Laryngeal trauma/inflammation – dysphonia, clear history of onset as result of URTI/ repeated coughing, no other features of UAT malignancy. Commence Gaviscon Advance 10ml QDS plus PPI. Refer to ENT if no improvement, but refer as USC straightaway if malignancy is suspected.

Vestibular Hypofuction – imbalance or unsteadiness on feet, caused by poor compensation post vestibular insult (post-labyrinthitis; URTI). Refute neurological cause (confirm peripheral deficit), Cooksey-Cawthorne exercises, refer to ENT.

Step 4: Management

Self-management, with the support of the NHS Wales COVID recovery app

The COVID recovery app supports the patient with:

  • Healthy diet and good hydration
  • Tips for eating and drinking if you have swallowing difficulties
  • When to consult with your GP if your symptoms persist

Referral to multidisciplinary rehabilitation services

Consider referral if:

  • Patient needs general recovery advice
  • The individual is struggling with ‘boom and bust’ cycle of activity
  • The individual needs support from a dietitian

Refer to specialist ENT clinic

Consider referral if:

  • Unable to return to previous level of independence
  • Any red flag symptoms or abnormality on investigations

Need more information?

For most patients, the road to recovery begins by acknowledging that they have a post-viral syndrome and that recovery can take time. There might be fluctuations in recovery, but the vast majority of people make a gradual recovery and will get better.

COVID Rehabilitation Service in your area:

In order to view the Long COVID services available in your area, please complete your profile here

No referral form available.

Making a referral:

Healthboard not selected

Don't Forget To Code FIND OUT MORE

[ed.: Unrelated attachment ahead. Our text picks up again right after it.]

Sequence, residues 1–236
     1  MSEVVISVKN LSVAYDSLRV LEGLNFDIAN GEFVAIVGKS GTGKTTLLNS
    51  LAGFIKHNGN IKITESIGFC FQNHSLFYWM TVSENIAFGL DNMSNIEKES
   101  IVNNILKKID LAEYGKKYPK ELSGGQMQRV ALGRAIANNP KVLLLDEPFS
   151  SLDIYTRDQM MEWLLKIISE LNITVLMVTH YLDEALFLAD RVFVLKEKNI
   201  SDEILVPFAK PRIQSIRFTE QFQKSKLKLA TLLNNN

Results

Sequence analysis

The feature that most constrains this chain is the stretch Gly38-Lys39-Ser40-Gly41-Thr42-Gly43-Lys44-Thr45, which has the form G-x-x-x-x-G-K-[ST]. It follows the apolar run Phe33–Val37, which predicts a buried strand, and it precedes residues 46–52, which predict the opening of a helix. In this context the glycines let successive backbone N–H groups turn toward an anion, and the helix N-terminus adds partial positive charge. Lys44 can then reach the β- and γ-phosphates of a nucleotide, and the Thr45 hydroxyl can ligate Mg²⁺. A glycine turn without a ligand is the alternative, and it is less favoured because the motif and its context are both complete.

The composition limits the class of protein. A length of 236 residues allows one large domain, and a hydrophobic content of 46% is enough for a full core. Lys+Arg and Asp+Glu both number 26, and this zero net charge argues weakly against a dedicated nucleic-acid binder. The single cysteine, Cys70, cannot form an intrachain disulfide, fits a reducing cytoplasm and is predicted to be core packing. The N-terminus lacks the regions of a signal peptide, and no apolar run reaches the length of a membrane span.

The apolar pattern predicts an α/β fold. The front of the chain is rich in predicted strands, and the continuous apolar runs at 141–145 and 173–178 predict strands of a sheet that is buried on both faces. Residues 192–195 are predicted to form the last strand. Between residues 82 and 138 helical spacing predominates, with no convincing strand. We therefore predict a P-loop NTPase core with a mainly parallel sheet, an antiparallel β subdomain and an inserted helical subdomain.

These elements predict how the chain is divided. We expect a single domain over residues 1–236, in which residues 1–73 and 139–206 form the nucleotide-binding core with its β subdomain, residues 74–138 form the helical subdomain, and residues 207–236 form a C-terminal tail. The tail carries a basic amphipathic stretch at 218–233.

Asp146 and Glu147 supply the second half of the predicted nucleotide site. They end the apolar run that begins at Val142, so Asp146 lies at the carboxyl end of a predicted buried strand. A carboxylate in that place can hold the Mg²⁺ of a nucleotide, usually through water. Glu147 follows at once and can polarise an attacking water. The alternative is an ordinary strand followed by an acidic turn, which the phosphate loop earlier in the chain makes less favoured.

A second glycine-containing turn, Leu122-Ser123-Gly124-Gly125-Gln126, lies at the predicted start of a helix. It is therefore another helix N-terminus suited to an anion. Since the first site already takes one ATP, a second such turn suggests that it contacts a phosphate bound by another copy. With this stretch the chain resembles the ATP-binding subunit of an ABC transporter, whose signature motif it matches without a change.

STEP 1: Overview

Use the pathway below to structure your consultation with a patient presenting with musculoskeletal symptoms associated with Long COVID.

Presenting symptoms:

  1. Joint pain
  2. Muscle aches
  3. Muscle wasting

An abnormal, exaggerated inflammatory response, as well as periods of inactivity, appears to be the key mechanism for the variety of musculoskeletal features of Long COVID.

STEP 2: History

3 questions to include in the history:

  1. What is the onset of the symptoms (when did it start, how long have you had the symptoms, was it a gradual or sudden onset)?
  2. How have your symptoms changed over time? Does anything make the pain better?
  3. Are there any other symptoms that seem associated with the pain?

Red flags to look out for:

Individuals with these symptoms may warrant a referral to specialist rheumatology clinics for further assessment.
Individuals with elevated ESR or CRP may warrant a referral to specialist rheumatology clinics for further assessment.

STEP 3: The Musculoskeletal examination

Features of long-COVID

  • In general, despite some patients reporting distressing symptoms, it is unusual to detect abnormal signs on musculoskeletal examination.
  • Blood tests, including ESR and CRP, should be organised for patients presenting with persistent musculoskeletal symptoms of Long COVID.

Need more information?

Armed with the patient’s history and examination, decide whether medical imaging is justified.

Step 4: Management

Self-management, with the support of the NHS Wales COVID recovery app

The COVID recovery app supports the patient with:

  • Seated exercise programme
  • Tips for managing post-exertional malaise
  • When to consult with your GP if your symptoms persist

Referral to multidisciplinary rehabilitation services

Consider referral if:

  • Patient needs general recovery advice
  • The individual is struggling with ‘boom and bust’ cycle of activity